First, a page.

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How do you get kids to do their homework?

Original post made by Desperate Mom on Mar 4, 2008

We have tried everything and I mean everything. We have been working for years with this problem. We now feel that it is not worth the tension in the family and are ready to call it quits. Most weekends we would love to take off and do something fun as a family but we wait and we wait for Collin to finish his work.

In elementary school we were able to see what work he had to do and to monitor whether it was done or not. Long ago we gave up on 'quality' work we just want it finished at least. Now in middle school I can't even figure out what work he has to do even if many of the teachers are using in-class. Ironically Collin gets mostly A's on his tests but his grade is lowered significantly because of the missing assignments. And the A's doesn't help him to understand why he needs to do the homework.

I would love to have some natural consequence when homework assignments are not turned in. A lower grade means nothing to Collin. And Mom harping on him isn't going to do it either.

You don't know how close I am ready to say, "OK no homework in this house, it's not worth it".

If you have ideas that worked with your family, I would love to hear about them.


Comments (51)

Posted by Paly mom, a resident of Palo Alto High School
on Mar 4, 2008 at 9:58 am

In middle school, my older kid missed some assignments because he couldn't see the stuff written on the board -- which is when we discovered some near-sightedness that had to be corrected with glasses/contacts.

But way back in kindergarten, we started the family rule, "No TV until your homework is done." That was extended over the years to include no IMming on the computer, no games, put the cell phone away ... basically no screwing around until the homework was completed.

The first few times the kids got projects that stretched beyond overnight, for instance a report that was due in 2 weeks, I would help them plan out their time and figure out the timing of intermediate steps that would ensure progress rather than an all-nighter to get it all done at once. Then I got out of the way.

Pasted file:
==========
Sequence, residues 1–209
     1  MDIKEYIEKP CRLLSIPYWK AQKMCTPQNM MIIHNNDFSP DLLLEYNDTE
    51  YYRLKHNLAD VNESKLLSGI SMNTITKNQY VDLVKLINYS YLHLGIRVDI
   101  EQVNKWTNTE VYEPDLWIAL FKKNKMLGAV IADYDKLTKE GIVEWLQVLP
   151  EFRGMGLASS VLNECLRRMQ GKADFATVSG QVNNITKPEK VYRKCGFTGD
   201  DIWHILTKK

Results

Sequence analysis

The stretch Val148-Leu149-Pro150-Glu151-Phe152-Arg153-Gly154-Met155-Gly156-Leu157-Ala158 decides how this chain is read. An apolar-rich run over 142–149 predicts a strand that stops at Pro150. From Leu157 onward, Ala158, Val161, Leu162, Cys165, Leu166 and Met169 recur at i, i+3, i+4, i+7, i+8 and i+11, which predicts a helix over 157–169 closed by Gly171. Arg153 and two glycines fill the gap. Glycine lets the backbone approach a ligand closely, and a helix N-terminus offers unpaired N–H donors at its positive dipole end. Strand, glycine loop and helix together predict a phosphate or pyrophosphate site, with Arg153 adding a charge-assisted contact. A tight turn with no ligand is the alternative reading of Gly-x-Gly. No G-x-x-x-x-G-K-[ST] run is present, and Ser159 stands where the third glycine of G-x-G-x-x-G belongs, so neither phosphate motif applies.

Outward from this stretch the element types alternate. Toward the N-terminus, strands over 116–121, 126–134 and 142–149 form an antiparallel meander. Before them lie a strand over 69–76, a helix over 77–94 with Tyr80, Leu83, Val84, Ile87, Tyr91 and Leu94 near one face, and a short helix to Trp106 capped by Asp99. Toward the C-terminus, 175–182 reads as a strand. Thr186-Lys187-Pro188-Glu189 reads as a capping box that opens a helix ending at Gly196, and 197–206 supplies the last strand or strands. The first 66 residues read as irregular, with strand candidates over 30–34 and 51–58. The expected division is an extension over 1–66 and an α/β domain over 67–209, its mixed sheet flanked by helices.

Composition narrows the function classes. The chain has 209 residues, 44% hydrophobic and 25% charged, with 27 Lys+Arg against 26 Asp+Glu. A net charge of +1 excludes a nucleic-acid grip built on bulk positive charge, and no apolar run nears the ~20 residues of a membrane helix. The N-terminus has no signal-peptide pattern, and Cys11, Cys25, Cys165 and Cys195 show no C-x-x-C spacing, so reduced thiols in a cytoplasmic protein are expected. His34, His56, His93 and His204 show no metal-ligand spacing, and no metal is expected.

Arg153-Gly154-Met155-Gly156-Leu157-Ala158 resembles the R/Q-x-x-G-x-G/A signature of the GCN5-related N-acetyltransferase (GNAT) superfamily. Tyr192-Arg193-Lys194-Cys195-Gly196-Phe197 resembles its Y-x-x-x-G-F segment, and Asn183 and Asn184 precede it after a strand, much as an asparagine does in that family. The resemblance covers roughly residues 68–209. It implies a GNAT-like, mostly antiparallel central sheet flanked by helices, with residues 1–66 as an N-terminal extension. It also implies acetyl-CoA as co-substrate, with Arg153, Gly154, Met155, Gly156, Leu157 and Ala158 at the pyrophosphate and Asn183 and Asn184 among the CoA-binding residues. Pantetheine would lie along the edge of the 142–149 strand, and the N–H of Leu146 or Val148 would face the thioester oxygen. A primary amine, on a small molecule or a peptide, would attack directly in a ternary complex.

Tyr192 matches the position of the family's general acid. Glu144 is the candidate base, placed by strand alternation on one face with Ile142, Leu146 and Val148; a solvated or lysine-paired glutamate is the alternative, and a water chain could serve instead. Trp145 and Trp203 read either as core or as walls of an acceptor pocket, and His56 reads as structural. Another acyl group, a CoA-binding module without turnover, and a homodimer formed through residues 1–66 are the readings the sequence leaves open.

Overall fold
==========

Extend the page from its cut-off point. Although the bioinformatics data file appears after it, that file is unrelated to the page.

When the kids got to college, these skills were hugely helpful. Of course the first thing they did when they were out of the house was try to do their assignments with the TV on, but they found that didn't work very well, so off it went.

I think it would be difficult to change bad habits if they weren't established from the start, but it can be done. My kids had multiple AP classes and lots of after-school activities through high school, but seldom missed an assignment.

Posted by ADHD parent, a resident of Another Palo Alto neighborhood
on Mar 4, 2008 at 12:27 pm

As parents of a young ADHD child we are reading up on the subject of homework hassles in anticipation of the workload ramping up substatially in a couple of years. I know that you say you've "tried everything", but, you might want to do a specific Google search on ADHD teenagers and homework or look at some general books about ADHD adolescents.

No, I am not saying that your child has ADHD. However, homework completion is one of the big struggles that ADHD kids and parents face, so there is a lot of material out there on this topic. I think that much of the homework advice directed at parents of ADHD kids would easily translate to a non-ADHD child, so it might be worth the research.

Posted by Parent, a resident of Another Palo Alto neighborhood
on Mar 4, 2008 at 12:42 pm

I tried the "no free time until homework done" rule and it really didn't work in my house. When the kids came home, they were hungry, tired, needed a long trip to the bathroom, etc. etc. and then to start homework just meant it dragged out for hours. They moaned because all day they had had someone telling them "time to do this, time to do that," then when they got home they had me telling them to "time to do this, time to do that". Instead if I could give them a break for a couple of hours, then give them their instructions, it worked much better. Now we try to eat dinner at a consistent early hour and they know it is homework time, then when it is done they may have some more free time if there is still time. They work well with this pattern and if you haven't tried this then do try it. I know the same thing doesn't work for everyone, but mine just didn't like being told what to do straight after school. They can live with it after dinner.

Posted by palo alto mom, a resident of Crescent Park
on Mar 4, 2008 at 1:12 pm

I agree with the above parent about timing, my kids also need a break after school. Homework after dinner works a lot better.

Looking at it from your son's standpoint, if he gets A's on tests without doing homework, why should he bother? He needs another incentive besides grades, maybe working toward something positive if turns in homework consistently he gets a something special?